Formulation Development Forum: Nanosized Dendrimers

Jan 02, 2012
Volume 36, Issue 1

Nanosized systems are important in drug delivery. Such nanosized systems include liposomes, nanocrystals, micelles, colloidal particles, quantum dots, and dendrimers. Dendrimers are class of synthetic macromolecules with highly branched, monodispersed, circular, and symmetrical architecture that are used as carrier molecules in drug delivery (1). Researchers at the Mayo Clinic in Rochester, Minnesota, Wayne State University in Detroit, Michigan, and John Hopkins Medicine in Baltimore, Maryland, recently reported on using hydroxyl-terminated polyamidoamine (PAMAM) dendrimer-drug conjugate nanodevices to treat age-related macular degeneration and retinitis pigmentosa (2).

Dry age-related macular degeneration and retinitis pigmentosa are caused by neuroinflammation, which progressively damages the retina and can lead to blindness. The research tested the dendrimer delivery system in rats that develop neuroinflammation. The researchers showed that steroids attached to the dendrimers targeted the damage-causing cells associated with neuroinflammation but left the rest of the eye unaffected and preserved vision, according to a Dec. 13, 2011, Wayne State University press release.

The principal authors of the study, Raymond Iezzi, MD, an ophthalmologist at the Mayo Clinic, and Rangaramanujam Kannan, PhD, a professor of ophthalmology at The Wilmer Eye Institute of Johns Hopkins, developed a clinically relevant, targeted, sustained-release drug delivery system using a simple nanodevice construct (2). The experimental work in rat models showed that one intravitreal administration of the nanodevice in microgram quantities could offer neuroprotection at least for a month, according to the press release.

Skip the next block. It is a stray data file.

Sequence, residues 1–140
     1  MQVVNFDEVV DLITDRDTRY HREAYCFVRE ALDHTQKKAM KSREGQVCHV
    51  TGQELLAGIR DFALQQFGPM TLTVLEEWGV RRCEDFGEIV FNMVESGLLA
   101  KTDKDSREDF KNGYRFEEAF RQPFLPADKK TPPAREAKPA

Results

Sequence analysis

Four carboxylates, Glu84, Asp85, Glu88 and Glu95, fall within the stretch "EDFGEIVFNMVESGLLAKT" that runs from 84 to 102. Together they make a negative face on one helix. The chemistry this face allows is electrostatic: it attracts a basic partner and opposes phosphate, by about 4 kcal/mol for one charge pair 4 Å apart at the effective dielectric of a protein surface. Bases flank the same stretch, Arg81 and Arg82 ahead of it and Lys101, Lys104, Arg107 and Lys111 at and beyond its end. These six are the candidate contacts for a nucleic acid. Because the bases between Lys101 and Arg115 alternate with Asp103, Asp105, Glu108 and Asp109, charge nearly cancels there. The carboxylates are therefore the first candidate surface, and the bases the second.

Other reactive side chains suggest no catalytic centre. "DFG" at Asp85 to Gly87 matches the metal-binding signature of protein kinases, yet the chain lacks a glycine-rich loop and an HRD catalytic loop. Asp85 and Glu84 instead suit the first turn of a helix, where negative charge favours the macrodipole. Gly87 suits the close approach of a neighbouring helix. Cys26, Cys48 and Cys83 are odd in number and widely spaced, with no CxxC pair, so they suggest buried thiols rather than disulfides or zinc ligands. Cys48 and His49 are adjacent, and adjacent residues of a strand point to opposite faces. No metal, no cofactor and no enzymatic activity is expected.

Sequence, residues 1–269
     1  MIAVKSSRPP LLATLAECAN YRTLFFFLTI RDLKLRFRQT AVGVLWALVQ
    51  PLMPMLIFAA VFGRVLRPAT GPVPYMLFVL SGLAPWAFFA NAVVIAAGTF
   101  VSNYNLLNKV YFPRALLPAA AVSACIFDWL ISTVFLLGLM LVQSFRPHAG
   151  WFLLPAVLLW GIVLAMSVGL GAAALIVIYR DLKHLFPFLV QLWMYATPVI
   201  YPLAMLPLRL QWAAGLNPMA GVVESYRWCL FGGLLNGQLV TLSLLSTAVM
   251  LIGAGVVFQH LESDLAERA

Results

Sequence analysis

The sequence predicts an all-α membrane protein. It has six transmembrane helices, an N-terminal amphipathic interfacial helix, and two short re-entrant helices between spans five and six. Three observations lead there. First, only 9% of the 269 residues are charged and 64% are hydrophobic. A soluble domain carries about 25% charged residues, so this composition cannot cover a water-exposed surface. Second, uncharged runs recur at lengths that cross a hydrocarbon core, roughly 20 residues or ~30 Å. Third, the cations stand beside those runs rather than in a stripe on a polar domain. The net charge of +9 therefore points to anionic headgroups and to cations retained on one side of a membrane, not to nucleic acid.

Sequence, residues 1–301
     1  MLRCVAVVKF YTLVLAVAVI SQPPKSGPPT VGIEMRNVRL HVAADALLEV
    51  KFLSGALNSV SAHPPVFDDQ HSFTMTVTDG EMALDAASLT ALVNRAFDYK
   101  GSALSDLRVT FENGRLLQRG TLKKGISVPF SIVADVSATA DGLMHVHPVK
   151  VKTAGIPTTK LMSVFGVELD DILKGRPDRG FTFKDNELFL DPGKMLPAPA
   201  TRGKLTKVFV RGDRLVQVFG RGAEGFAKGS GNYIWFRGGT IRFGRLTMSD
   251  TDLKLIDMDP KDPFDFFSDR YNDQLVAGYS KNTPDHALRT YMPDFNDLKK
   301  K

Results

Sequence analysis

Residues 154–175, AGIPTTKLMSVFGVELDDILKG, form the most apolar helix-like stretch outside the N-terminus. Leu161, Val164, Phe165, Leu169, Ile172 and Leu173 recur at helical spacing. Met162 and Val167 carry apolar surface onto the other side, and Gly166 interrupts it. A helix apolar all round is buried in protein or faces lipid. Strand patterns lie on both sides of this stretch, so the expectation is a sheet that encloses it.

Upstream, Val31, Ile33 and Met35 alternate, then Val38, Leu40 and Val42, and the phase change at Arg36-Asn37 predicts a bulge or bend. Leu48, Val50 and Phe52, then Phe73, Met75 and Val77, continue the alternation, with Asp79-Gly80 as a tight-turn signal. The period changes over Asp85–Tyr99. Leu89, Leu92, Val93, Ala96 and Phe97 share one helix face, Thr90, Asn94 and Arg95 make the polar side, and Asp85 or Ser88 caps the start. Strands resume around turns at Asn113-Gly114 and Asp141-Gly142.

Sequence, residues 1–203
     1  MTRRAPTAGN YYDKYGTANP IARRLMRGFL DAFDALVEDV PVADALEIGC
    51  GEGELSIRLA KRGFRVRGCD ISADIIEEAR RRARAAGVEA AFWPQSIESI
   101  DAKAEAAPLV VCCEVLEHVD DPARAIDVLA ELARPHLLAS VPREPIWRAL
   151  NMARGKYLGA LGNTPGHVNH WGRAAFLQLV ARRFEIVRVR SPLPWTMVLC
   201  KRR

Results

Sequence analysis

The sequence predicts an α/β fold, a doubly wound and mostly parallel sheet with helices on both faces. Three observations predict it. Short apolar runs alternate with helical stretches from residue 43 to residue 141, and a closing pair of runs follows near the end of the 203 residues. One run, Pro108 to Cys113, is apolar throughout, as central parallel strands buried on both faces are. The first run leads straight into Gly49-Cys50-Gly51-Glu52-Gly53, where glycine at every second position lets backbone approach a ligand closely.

Because steroids have neuroprotective and anti-inflammatory properties, the researchers tried to deliver them precisely to the right target. The PAMAM dendrimers were used as drug delivery vehicles. “Dendrimers are tree-like, noncytotoxic polymeric drug delivery vehicles (approximately 4 nm),” explained Kannan in the press release. “Surprisingly, the activated microglia in the degenerating retina appeared to eat the dendrimer selectively and retain them for at least a month. The drug is released from the dendrimer in a sustained fashion inside these cells, offering targeted neuroprotection to the retina,” said Kannan.

Upon intravitreal administration, the PAMAM dendrimers selectively localized within the activated outer retinal microglia in two rat models of retinal degeneration, but not in the retina of healthy controls. This biodistribution covalently conjugated fluocinolone acetonide to the dendrimer. The conjugate released the drug in a sustained manner over 90 days. According to the researchers, these studies suggest that PAMAM dendrimers (with no targeting ligands) have an intrinsic ability to selectively localize in activated microglia and to deliver drugs. Although the steroid offers only temporary protection, the treatment as a whole provided sustained relief from neuroinflammation. The patent-pending technology will be advanced further through a multi-university collaboration among Johns Hopkins, the Mayo Clinic, and Wayne State University, according to the release.


1. G. T. Tolia and H.H. Choi, Pharm. Technol. 32 (11), 88–98 (2008).

2. R. Iezzi et al., “Dendrimer-Based Targeted Intravitreal Therapy for Sustained Attenuation of Neuroinflammation in Retinal Degeneration,” Biomaterials online, DOI 0.1016/j.biomaterials.2011.10.010, Nov. 1, 2011.

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